Conflict and Leadership
We Need to Talk: The Necessity of a Four-Way Dialogue Between Russia, the United States, China and India

Global politics continues to be highly competitive. Fortunately for us, this competition is shifting from the military arena to one of ​​economic rivalry and information warfare. However, the general laws of world politics remain the same. In a chaotic environment, the leading powers seek to secure themselves a privileged position in the international system and limit the opportunities for their key competitors.

From the point of view of aggregate military-political and economic potential, there are four leading powers in the world: China, the United States, India and Russia. These four countries ranked first, second, third and sixth in terms of GDP (PPP) in 2016, respectively. According to PwC's calculations, by the middle of this century, these countries will occupy the same positions with one difference: the United States will drop from second to third place, and the first two lines will be occupied by China and India.

These four countries have the most advanced nuclear arsenals. Among them there is the only country at the moment that has experience using them in combat - the United States. The combined military, political, economic and technological potential of the four countries reliably determines their international leadership in terms of using their combined power to achieve politically significant goals.

Moreover, all four countries are closely linked by conflict nodes in different regions of the world. Russia and the United States confront each other in Eastern Europe, where the United States supports the NATO presence and is helping to expand the bloc to Russia's borders. The United States is in sharp competition with China in the Pacific, and is increasing pressure over Taiwan and shipping in the East and South China Seas. China and India confront with each other in South Asia and have an unresolved border conflict that has pushed both countries to view each other as opponents. The United States is keeping this strategic conflict in mind, as it is seeking to lure India into its camp by inviting it to participate in the Quadrilateral Maritime Security Dialogue, which, in addition to the United States and India, also includes Australia and Japan.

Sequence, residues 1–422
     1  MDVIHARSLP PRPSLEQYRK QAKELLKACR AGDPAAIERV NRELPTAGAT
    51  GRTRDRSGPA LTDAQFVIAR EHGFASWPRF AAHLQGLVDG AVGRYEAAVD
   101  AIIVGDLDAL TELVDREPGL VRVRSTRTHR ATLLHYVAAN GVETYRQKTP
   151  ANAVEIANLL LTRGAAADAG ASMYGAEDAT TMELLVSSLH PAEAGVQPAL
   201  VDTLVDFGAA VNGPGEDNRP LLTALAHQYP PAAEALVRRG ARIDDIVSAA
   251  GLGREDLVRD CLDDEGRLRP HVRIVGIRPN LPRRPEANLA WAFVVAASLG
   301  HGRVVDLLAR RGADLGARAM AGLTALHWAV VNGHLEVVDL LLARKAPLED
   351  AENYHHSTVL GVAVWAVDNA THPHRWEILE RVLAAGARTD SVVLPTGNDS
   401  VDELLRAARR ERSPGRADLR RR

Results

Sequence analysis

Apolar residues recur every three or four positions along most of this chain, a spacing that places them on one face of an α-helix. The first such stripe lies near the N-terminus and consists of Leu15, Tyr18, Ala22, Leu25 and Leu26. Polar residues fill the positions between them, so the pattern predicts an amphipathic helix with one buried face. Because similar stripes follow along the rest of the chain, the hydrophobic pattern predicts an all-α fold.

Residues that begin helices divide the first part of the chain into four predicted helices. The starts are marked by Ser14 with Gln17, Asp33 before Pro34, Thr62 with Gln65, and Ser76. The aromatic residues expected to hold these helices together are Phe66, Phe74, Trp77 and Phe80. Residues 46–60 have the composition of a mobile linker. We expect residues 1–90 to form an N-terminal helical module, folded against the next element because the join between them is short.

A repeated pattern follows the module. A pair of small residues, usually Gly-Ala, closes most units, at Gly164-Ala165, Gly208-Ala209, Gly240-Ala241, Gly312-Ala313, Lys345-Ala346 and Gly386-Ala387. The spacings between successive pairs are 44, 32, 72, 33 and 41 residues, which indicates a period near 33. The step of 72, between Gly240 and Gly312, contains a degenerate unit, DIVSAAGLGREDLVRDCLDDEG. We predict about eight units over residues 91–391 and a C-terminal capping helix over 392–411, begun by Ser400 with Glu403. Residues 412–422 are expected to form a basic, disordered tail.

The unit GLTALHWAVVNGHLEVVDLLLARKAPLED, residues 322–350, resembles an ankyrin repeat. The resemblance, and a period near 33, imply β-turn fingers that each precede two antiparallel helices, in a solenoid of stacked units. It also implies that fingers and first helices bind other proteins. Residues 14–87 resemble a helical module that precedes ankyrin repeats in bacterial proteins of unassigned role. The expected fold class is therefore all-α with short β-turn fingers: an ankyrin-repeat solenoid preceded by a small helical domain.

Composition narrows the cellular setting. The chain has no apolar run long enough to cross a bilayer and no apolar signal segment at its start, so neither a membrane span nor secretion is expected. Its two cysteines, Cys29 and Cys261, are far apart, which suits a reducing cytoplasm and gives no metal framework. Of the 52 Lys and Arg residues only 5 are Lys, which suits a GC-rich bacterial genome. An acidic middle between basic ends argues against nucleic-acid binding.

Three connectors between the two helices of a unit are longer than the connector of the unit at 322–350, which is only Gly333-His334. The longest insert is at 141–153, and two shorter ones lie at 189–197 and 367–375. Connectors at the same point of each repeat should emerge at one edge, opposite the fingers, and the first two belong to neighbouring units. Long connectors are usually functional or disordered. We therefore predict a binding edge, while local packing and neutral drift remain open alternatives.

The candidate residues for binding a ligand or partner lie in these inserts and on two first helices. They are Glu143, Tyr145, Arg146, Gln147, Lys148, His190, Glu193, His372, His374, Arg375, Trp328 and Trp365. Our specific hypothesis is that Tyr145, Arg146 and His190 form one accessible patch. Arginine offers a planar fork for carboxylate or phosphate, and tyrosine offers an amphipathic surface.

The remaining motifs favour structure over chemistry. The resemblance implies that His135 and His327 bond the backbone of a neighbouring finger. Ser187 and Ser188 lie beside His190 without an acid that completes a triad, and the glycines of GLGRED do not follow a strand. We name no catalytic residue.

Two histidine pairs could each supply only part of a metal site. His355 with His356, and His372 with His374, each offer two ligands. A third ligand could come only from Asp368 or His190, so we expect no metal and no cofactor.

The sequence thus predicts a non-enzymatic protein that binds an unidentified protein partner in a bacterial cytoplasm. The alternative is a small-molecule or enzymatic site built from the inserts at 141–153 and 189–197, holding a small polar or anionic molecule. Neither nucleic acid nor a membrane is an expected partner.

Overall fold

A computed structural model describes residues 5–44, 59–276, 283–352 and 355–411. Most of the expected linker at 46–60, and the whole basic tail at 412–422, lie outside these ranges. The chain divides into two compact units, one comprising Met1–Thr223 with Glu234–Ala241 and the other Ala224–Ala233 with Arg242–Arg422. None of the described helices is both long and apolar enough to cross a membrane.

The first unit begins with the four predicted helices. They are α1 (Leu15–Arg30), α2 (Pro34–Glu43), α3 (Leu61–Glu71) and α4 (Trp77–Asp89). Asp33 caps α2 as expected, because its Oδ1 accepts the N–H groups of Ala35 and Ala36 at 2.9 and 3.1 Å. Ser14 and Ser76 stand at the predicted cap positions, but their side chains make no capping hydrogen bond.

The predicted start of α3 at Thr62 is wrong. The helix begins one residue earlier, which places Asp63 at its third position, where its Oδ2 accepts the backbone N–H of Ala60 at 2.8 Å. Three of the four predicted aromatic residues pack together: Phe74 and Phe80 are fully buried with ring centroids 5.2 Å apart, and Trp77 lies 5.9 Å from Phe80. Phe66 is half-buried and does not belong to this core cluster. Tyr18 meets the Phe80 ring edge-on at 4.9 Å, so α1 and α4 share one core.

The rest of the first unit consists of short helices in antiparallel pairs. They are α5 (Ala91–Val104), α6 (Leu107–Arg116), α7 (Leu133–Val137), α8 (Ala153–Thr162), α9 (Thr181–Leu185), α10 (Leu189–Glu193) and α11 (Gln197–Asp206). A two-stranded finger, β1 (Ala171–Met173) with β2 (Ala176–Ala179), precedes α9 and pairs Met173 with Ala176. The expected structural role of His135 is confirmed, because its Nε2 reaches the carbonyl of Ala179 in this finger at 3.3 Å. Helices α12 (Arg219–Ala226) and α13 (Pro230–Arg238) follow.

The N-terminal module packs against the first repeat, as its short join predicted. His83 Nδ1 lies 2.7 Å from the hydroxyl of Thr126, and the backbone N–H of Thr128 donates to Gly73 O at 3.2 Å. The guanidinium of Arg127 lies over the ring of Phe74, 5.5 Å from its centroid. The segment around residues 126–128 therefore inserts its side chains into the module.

The strategic picture of the 21st century will be determined by the rivalry between the United States, China, India and Russia, the aggregate potential of each of which is sufficient to single-handedly determine the state of affairs in its region of presence.

Russia has the opportunity to take advantage of the favourable situation on its borders in the south, where it has no insoluble strategic contradictions with China. Moreover, these bilateral relations are now experiencing the peak of their historical development. The close relations between Russia and India during the Cold War and the assistance of the USSR in the formation of a sovereign India also provide a convincing foundation for bilateral relations.

However, these memories of the past do not guarantee the progressive development of relations in the future. Unprovoked crises or spontaneous episodes of conflict in relations within the Big Four nuclear powers can disrupt  progressive global economic processes. In this regard, these four powers should be mutually attentive and prudent, channelling their rivalry into a non-military area.

In the situation, amid the formation of a new global equilibrium between countries, only mutual restraint works.

It is the responsibility of the expert community of the four countries to carefully study the train of thought of their competing partners in order to exclude the sudden development of a conflict.

In this regard, it seems reasonable to create a permanent format for consultation among the high-level experts of Russia, the USA, China and India. To ensure that mutual deterrence does not lead to strategic disruptions and war, it is necessary to manage relations, emphasising an interest in cooperation with respect to common areas, such as climate, the ecology, digital development, space, mining, demography, migration and counteracting natural disasters. The purpose of the high-level consultations is to prevent a shift from strategic containment to impulsive attempts to break the emerging status quo.

The formation of a stable dialogue format for the four leading global powers in the 21st century will make it possible to minimise the likelihood of an impulsive breakdown into open conflict, the potential for which remains a factor in global politics.
Discussion on the Meeting of Russian President Vladimir Putin and US President Joe Biden in Geneva
Views expressed are of individual Members and Contributors, rather than the Club's, unless explicitly stated otherwise.